South Africa's maiden World Cup campaign started off with a resounding win against the hosts Australia, but after defeats against New Zealand and Sri Lanka the picture wasn't so rosy any more. It became even bleaker when South Africa were restricted to 211 by Imran Khan and Co. The ridiculous rain rule did the South Africans a huge favour after Pakistan had started off confidently, as an asking-rate of 4.9 in 28 overs suddenly became 8.5 in 14. Pakistan's hopes of getting to the revised target rested largely on Inzamam-ul-Haq - who was in awesome form and had clattered 48 from 44 balls - and Imran Khan, who was well entrenched and had helped Inzamam add 85 crucial runs for the third wicket.
In the 31st over, Inzamam missed a heave to leg off Brian McMillan, but took off for a leg-bye even as Imran, the non-striker, took a couple of strides and then stopped. Jonty Rhodes had already made his mark in international cricket as an outstanding fielder but he chose this instant to conjure up one of the defining moments of the tournament. Sprinting in from a fairly deep backward point, Rhodes swooped down on the ball, grabbed it in his right hand - all the while closing in on the stumps - and then, ball in hand, charged madly towards the wickets even as Inzamam, who had already run one-third the way down the pitch, desperately tried to turn back and make his ground. An under-arm throw would have done the job, but Rhodes went for something far more spectacular and memorable: he threw himself at the stumps, both feet off the ground and body completely parallel to the ground. All three stumps were knocked to the ground, Inzamam was marginally short of the crease, and for a moment, South Africa had Superman in their line-up.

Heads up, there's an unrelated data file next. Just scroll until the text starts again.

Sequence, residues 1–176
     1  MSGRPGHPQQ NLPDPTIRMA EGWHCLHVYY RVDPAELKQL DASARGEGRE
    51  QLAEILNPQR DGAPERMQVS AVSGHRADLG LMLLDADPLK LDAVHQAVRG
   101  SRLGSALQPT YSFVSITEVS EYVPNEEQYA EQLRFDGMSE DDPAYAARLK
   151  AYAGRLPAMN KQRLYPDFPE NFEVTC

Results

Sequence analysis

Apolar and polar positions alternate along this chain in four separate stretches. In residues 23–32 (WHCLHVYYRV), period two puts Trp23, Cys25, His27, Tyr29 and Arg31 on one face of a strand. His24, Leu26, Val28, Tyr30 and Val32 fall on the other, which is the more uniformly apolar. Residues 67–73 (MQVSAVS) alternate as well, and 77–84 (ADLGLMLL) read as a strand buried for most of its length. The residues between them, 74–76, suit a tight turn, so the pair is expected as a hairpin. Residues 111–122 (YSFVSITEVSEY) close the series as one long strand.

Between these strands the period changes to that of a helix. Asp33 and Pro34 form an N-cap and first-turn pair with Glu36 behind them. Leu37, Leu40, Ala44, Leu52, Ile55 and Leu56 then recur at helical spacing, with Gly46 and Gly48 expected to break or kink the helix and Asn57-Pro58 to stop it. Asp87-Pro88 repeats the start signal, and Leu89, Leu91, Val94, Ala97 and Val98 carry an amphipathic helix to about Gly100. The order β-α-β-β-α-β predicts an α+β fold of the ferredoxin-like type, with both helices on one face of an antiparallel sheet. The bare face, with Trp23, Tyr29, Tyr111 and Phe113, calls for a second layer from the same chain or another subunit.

You'd have thought that Jonty's team-mates would have been used to his exploits in the field, but this run-out was clearly out of the ordinary. "I was appealing for lbw," says McMillan, "but out of the corner of the eye I saw Jonty diving in. I'd never seen a bloke dive at the wickets ever before." Rhodes himself had a simple explanation for his action: "There was a 50% chance that I'd hit the stumps if I threw, and a 100% chance of hitting the stumps with ball in hand. The fastest way I could cover the last metre and a half was head-first. It was just the right thing to do at the time."
What happened next
Pakistan needed 59 from less than six overs when Inzamam fell, and their plight became more dire when Imran fell in the next over. Rhodes' bit of magic had turned the game around, but he wasn't done yet: Ijaz Ahmed fell to another piece of brilliance, as Rhodes held on to a steepler while almost falling backwards. The rest of the Pakistan batting fell away, and South Africa rode on Rhodes' inspirational presence in the field to steal to victory by 20 runs.